When the earth is revealed at the end too, you get to see it in his eyes before you see it on the screen. Having done that work before as an artist, that stuff is tricky to pull off. You have to be given the time.
The fire you see was added in afterward because we couldn’t do it in front of the screen because it was too dangerous, but it used the same idea.
Once they’re out trying to find the dock, it was a piece we had on set, we had crew moving that around. That was a combination of having the earth background on the screen lighting everything but then also knowing we were going to add additional graphics to the Lunar Extension Module because it was never going to fit in front of the screen.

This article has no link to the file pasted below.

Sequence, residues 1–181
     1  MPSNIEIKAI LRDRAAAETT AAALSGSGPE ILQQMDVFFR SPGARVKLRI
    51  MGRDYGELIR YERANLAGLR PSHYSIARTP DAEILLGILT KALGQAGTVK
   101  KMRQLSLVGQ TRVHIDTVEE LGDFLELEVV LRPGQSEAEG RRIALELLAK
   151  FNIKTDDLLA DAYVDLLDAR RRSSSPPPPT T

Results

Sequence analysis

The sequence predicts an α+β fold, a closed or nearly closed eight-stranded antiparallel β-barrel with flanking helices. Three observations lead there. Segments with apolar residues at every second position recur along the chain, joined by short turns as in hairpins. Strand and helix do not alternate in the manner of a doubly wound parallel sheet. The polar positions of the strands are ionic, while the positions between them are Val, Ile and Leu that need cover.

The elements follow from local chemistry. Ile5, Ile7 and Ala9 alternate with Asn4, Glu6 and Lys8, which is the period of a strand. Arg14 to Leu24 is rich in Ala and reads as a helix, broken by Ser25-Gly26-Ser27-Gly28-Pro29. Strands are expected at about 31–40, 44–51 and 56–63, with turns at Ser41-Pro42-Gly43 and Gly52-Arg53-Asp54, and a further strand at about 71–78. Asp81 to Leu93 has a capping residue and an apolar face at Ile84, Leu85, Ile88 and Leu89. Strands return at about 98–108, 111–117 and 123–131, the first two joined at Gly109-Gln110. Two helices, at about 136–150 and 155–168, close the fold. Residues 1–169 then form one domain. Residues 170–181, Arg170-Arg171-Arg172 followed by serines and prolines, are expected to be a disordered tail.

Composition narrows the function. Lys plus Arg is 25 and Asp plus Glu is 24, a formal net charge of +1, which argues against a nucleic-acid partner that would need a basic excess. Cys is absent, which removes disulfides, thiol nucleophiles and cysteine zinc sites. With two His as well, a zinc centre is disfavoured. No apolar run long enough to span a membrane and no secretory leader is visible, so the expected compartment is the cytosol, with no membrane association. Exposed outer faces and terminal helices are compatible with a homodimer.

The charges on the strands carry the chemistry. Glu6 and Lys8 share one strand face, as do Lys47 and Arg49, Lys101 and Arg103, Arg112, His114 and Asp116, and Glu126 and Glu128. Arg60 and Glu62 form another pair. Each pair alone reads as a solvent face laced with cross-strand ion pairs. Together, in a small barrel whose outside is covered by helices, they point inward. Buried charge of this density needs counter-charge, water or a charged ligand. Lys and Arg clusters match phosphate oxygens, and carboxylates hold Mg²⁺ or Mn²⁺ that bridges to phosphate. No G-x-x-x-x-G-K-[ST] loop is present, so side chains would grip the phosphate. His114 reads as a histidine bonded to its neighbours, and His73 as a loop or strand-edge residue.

We talked about the rollercoaster ride. When they get into trouble and they start spinning. We provided the content where things are spinning really fast and really crazy. Whenever that came up on screen, the entire crew would turn around because if you’re looking at a screen that is 60 foot wide, you’d feel sick. It was as if you were on a rollercoaster. If you’d look at the actors, you’d see a slight shift in skin tone because it was affecting them. Given that we were shaking the heck out of them. To be shook like that the whole day and then watching these visuals, they did pretty well.
There was one guy who did get sick, that was on the multi-axis rotator because he was getting spun around like crazy.
How long did you spend doing the VFX on the film?